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3D Printing Nerding

Make your own Christmas Lithophane decoration

If you have a 3D printer or have access to a reliable 3D printing service, this guide will help you make very cool Christmas tree ball decoration. The process is easy and the end result is awesome.

I actually wanted to make this post before Christmas 2019, first tests and notes came from late November 2019 but I really could not find the time to wrap up everything. But let’s look at the half full glass: now you have almost one year to prepare for Christmas 2020!

But let’s not write an huge irrelevant intro, like kitchen blogs do, and let’s go ahead.

What will you need for this guide?

  • The image you want to impress. I recommend a 4:1 ratio.
  • This online lithophane generator
  • Those lights. Link is the exact one I bought from Amazon Italy, but you can find them wherever
  • A bit of thick glue
  • A Christmas ornament hook or a string

That’s it.

First step: The image

Ok, so now we start by preparing an image. I recommended a 4:1 ratio for the image for a full loop around the sphere, the generator will wrap it 360 degrees horizontally and 90 degrees vertically. Since no camera have this weird ratio, I strongly suggest making photo collage, here’s an example using my two good girls: Ariel and Isabel.

Second step: Lithophane sphere generation

Now the next step is generating our lithophane. Head over to the site and start by uploading the image.

Now since an image is worth a thousand words, here’s a screenshot of what settings you will need.

Remember to check Flip Image, as the is made for bedside lamps and we are printing one upside down.
You should copy everything from the screen, only edit Sphere Diameter if you want a bigger one, but I found 50 to 75 mm to have the best result with our tiny lights, and Cylinder Outer Diameter to better fit your printer tolerances. Better explanation: There’s no inner diameter setting, instead it is calculated from Cylinder Outer Diameter minus two times Cylinder Thickness (making it 11.6 inner in this case), the lights are 11-11.2 mm wide, but I left some tolerance to compensate for printing errors and for easier fitting.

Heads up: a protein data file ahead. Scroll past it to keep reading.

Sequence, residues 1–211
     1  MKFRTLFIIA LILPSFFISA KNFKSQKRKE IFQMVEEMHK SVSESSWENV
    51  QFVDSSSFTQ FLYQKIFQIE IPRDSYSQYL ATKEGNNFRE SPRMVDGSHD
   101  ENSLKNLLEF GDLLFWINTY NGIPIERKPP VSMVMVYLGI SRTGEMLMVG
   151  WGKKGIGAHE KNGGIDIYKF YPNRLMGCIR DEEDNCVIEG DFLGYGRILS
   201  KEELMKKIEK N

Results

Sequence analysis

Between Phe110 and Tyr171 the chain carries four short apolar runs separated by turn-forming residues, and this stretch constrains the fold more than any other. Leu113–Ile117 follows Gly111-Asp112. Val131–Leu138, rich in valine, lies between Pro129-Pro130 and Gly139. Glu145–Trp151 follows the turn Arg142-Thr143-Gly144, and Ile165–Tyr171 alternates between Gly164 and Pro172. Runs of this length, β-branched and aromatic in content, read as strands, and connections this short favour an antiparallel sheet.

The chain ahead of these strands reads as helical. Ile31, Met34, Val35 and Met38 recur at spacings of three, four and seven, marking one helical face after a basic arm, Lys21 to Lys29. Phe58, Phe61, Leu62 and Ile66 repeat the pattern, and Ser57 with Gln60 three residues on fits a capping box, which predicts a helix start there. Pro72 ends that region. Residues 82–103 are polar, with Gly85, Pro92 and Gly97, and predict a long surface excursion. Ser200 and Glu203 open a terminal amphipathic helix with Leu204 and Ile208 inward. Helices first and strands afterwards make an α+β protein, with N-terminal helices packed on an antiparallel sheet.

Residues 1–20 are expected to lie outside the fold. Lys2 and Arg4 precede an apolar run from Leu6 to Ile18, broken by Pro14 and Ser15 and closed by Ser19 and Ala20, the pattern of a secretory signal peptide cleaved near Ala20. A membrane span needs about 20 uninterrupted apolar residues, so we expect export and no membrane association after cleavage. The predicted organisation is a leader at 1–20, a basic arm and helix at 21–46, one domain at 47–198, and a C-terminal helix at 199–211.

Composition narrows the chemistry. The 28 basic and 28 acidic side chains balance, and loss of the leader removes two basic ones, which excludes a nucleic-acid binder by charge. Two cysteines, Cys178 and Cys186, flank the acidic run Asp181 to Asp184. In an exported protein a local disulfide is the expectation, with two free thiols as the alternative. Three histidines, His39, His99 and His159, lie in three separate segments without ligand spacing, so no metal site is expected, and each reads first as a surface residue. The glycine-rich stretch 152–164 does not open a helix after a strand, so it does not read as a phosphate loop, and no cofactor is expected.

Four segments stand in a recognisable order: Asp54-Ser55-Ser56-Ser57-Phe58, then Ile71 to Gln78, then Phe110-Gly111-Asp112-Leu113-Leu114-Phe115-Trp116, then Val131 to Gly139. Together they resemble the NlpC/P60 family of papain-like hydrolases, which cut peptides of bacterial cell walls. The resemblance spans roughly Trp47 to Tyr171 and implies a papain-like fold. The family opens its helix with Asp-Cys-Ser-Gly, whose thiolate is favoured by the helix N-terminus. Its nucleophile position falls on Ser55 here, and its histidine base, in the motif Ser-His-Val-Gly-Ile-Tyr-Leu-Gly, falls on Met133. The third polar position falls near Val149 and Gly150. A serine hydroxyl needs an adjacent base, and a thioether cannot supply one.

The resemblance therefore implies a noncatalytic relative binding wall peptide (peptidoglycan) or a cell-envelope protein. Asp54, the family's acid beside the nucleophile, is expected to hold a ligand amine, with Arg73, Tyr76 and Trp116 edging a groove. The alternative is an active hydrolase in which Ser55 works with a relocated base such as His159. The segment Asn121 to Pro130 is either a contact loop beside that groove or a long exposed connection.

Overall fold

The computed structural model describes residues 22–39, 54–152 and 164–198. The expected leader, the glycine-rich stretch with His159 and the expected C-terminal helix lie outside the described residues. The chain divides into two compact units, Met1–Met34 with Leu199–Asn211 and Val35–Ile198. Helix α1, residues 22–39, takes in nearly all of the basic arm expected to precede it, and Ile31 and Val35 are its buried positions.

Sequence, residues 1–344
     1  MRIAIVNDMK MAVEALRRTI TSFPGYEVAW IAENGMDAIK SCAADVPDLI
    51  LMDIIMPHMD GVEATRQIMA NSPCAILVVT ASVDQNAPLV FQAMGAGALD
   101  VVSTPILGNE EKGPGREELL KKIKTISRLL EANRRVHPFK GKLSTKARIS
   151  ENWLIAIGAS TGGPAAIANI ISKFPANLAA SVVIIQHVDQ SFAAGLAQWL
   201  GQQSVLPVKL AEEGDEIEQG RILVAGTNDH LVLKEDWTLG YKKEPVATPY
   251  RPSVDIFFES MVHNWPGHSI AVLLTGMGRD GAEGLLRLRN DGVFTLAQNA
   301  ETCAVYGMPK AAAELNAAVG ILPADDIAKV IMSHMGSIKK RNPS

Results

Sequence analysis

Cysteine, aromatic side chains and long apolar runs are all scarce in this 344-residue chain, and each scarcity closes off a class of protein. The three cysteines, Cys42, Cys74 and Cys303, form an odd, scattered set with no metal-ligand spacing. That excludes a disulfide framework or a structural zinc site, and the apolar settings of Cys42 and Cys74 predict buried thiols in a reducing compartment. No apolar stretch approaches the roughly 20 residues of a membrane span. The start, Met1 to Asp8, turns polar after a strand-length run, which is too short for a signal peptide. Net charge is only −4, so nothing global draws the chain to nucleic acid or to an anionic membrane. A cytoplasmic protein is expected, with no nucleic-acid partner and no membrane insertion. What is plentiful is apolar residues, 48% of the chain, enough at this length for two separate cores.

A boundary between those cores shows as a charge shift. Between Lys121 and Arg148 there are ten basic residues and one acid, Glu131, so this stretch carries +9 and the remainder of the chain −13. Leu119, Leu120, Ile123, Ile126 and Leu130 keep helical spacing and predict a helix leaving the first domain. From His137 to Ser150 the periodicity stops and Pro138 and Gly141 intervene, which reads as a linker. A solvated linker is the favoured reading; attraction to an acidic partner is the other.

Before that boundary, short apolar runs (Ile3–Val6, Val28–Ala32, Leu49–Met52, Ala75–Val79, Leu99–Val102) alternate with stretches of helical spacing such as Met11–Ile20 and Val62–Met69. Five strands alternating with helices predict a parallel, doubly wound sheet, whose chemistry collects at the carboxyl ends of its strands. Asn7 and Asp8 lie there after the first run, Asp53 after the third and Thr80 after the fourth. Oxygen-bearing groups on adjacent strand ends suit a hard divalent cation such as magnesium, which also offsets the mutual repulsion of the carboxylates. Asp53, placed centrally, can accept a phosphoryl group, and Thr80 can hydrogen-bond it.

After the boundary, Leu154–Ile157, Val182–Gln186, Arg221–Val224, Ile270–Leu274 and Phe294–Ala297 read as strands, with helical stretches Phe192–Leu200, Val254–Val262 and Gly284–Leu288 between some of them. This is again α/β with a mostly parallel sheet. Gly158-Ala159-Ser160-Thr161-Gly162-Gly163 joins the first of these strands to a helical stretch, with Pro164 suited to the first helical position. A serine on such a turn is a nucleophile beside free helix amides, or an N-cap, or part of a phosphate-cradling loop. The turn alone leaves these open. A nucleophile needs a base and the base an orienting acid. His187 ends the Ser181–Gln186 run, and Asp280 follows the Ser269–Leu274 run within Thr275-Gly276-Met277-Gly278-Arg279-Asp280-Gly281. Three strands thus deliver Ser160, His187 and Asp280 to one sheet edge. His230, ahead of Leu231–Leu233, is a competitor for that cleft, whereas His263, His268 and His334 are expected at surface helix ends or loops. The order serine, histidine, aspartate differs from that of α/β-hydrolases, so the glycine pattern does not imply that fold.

After you set up the values, press Create .STL and wait a minute for the download to generate.

Third step: 3D Printing

When comes to printing, lithophanes should be printed solid and require some specific settings. Here’s what you have to set in Cura:

  • Layer Height: should be a good quality one, I use 0.12mm. Do not use huge layers for smaller ornaments or the image will be grainy.
  • Bottom Layers: set it to something like 99999
  • Infill: 100%
  • Build plate adhesion: I use a 20mm thick brim for a 50mm sphere, use 30-35 for a 75mm sphere, you don’t want the print to fall down.
  • Print slower. Some people suggest to print super slow, like 15mm/s. I think you should print them at 50-75% of your regular speed (eg. 30 to 45 if you usually print at 60mm/s). The one I show in this guide was printed at 120mm/s on a cheap Ender 3 and still looks ok.

Note: If you use a 3D printing service, make sure you tell them you want a 100% solid item like this, having an infill will blur or mask out parts of the image.

Now slice that file and print it, you should print it using white PLA, other colors may block too much light.

Fourth Step: final touches

Grab one light, put on a ring of glue and place it inside the hole, you can use the silicon ring as stop to let the light sit in position. Store it somewhere where it can’t roll and let it dry overnight.

For the last touches add a small ornament hook or a piece of string.

Fifth Step: Done!

Look at that! Now your print is ready to hang. Remember to fully unscrew cap and remove the battery protection, then screw/unscrew to turn it on/off.

By Andrea Giorgio "Muu?" Cerioli

Italian developer, designer, maker who loves everything in technology: mechanics, electronics, IT, 3D printing.

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